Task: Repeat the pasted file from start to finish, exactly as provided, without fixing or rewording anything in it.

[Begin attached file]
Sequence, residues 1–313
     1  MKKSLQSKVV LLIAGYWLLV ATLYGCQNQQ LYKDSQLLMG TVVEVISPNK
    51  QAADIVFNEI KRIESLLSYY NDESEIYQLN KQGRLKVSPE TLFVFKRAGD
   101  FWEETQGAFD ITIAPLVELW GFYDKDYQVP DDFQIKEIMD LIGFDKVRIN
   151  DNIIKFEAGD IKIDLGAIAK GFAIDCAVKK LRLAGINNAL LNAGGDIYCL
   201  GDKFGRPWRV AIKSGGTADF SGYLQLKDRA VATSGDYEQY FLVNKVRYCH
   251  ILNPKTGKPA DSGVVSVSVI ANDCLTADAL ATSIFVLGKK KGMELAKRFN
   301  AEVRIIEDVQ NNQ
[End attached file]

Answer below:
Sequence, residues 1–313
     1  MKKSLQSKVV LLIAGYWLLV ATLYGCQNQQ LYKDSQLLMG TVVEVISPNK
    51  QAADIVFNEI KRIESLLSYY NDESEIYQLN KQGRLKVSPE TLFVFKRAGD
   101  FWEETQGAFD ITIAPLVELW GFYDKDYQVP DDFQIKEIMD LIGFDKVRIN
   151  DNIIKFEAGD IKIDLGAIAK GFAIDCAVKK LRLAGINNAL LNAGGDIYCL
   201  GDKFGRPWRV AIKSGGTADF SGYLQLKDRA VATSGDYEQY FLVNKVRYCH
   251  ILNPKTGKPA DSGVVSVSVI ANDCLTADAL ATSIFVLGKK KGMELAKRFN
   301  AEVRIIEDVQ NNQ